Monday, August 03, 2009

If he comes in, I'm going out.

The photo accompanying a column titled "Why Obama's church choice matters" in today's USA Today shows the President shaking the hand of an Episcopal priest.

Thankfully, there's no indication other than that that the President might be considering becoming a part of the Episcopal church. But if he does, I'm gone.

I am a cradle Episcopalian. My mother was raised in the church, and I was raised in, baptized, confirmed, and married in the church. Two of my three kids so far have been baptized Episcopalian (just haven't gotten around to it for the third). I am nearly as passionate about my Episcopalianism as I am about being a San Antonian, and if you've paid any attention to this blog, you know that's a LOT. When my ex-husband left me, I first ran to my mom and then went looking for a priest. It is in my heart; my faith in God is bound inextricably with my love of my church.

It is hard to explain the ECUSA to people who think it exists merely because Henry VIII wanted a divorce (even some Episcopalians believe that over-simplified version). My church has existed throughout history as a haven for critical thinking, both about Christ Himself and human existence in general. We were there with other churches in fighting for an end to slavery and for the advancement of civil rights, and even now we as a church are strong advocates for the equality of people, for justice as well as peace, and for trying to live Jesus's teachings of love for one another. At the same time, we still believe in using our brains and questioning and (in spite of popular opinion) we are on the whole a dynamic church rather than a stagnant one.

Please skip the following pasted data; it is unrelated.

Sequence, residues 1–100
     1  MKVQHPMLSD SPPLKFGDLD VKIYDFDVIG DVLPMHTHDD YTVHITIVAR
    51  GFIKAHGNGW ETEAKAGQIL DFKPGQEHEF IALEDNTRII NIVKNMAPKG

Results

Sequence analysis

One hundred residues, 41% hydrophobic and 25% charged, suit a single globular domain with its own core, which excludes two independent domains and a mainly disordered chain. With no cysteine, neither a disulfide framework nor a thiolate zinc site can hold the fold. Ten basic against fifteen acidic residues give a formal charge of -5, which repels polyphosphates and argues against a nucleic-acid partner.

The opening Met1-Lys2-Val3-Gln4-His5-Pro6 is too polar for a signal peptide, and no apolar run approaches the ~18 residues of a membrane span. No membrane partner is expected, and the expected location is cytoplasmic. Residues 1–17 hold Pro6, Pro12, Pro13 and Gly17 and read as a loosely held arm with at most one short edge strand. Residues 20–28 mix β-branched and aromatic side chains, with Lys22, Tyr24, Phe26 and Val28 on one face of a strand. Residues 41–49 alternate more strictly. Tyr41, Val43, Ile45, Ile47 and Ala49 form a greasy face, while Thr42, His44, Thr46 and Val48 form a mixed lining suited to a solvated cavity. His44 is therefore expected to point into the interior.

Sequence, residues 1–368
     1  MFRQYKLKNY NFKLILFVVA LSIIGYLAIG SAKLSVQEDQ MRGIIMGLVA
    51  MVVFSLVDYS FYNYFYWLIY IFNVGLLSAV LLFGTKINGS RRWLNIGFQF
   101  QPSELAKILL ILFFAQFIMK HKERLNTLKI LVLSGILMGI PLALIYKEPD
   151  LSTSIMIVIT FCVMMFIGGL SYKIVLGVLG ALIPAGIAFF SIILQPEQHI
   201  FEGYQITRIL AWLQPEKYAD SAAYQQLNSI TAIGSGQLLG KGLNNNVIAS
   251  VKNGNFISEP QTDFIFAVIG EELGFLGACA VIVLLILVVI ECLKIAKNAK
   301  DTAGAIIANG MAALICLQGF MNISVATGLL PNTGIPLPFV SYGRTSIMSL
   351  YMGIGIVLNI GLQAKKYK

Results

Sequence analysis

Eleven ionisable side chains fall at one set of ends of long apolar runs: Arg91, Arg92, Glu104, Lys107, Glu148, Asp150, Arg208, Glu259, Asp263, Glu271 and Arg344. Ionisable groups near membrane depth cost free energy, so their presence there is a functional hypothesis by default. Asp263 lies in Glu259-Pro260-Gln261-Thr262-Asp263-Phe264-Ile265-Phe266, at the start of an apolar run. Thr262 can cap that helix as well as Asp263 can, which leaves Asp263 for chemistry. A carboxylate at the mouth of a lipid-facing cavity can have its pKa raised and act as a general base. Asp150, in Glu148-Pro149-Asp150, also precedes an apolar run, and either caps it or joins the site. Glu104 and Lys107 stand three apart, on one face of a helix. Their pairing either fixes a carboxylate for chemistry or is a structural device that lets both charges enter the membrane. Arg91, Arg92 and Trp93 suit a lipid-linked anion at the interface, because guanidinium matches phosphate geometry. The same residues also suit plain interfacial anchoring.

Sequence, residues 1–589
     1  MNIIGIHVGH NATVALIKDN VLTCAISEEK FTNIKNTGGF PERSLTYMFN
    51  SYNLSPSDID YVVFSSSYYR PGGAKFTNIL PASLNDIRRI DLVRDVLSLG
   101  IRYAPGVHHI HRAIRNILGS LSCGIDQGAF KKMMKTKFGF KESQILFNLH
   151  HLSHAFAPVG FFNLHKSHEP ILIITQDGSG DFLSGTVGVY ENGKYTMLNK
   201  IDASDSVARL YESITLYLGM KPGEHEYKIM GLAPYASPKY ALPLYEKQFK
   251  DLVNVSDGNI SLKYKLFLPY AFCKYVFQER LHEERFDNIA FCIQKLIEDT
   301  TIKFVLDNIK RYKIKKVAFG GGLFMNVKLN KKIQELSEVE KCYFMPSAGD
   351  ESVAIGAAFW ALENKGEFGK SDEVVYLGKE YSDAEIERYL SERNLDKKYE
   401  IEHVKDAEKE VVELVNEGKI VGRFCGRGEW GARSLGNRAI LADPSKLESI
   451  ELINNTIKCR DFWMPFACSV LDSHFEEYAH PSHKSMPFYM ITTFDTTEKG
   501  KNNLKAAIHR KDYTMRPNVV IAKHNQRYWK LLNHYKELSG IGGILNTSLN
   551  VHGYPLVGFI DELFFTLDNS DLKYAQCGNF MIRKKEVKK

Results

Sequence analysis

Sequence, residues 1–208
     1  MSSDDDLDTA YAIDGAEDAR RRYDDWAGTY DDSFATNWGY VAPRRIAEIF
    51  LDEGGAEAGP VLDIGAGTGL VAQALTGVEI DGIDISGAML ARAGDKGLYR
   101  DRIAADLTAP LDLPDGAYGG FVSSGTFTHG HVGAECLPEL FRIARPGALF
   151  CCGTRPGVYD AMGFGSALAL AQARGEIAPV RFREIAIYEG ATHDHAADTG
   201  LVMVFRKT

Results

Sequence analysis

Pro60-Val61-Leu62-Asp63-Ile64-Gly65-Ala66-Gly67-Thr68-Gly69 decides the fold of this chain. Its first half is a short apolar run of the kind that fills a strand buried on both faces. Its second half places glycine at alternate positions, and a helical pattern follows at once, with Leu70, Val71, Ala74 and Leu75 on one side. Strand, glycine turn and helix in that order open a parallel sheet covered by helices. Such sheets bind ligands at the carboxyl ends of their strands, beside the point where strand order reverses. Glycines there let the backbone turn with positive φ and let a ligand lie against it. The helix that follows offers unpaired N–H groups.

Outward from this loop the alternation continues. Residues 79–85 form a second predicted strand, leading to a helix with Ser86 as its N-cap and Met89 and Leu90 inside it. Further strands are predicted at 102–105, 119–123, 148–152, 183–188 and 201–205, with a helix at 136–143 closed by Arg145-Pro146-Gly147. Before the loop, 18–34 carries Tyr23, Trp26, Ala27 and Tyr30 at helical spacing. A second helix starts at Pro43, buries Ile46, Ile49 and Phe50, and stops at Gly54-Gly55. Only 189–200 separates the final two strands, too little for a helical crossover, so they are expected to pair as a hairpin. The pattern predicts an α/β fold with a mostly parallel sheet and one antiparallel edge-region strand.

And yet...

And yet, I periodically fall away from my church with great sadness and pain in my heart.

No church is perfect. The foremost failing of the Episcopal church (to me) is that it has become, of late, a predominantly liberal church. Now, liberal theology I appreciate. I am grateful that we have female priests. I am grateful that we accept homosexuals as chilren of God rather than viewing them as inherent sinners. I will eventually be grateful that we allow divorced parishioners to remarry within the church with zero hassle. That's the good side of liberalism.

But I have no use for political liberalism. I have no use for any politics within my church, quite frankly, but it seems as if the ECUSA preaches only liberalism when it sticks its toe in. The anti-war, pro-anthropogenic global warming, pro-public schools, pro-Democratic party line on every fucking issue shit sucks. And when it gets overwhelming, I fall away from my church.

In early 2003, my then-husband deployed on the USS Boise in support of Operation Iraqi Freedom. The boat participated in the initial bombardment of Baghdad before returning and being hailed (briefly) as the first combat ship to return from the war. But when they left on 13th February, I was a young woman with a very young child whose husband was gone for an undetermined length of time, with no local support, and deeply in need of her church. Rowan Williams, Archbishop of Canterbury, was quite vocal at this time in speaking out against a war I knew intuitively I would support. I drove to Resurrection, the church near my apartment that I went to whenever I could (not easy with a nursling who will. not. take. a. bottle. or consent to be away from Mommy at all)...and there was a big sign on the door about praying for peace.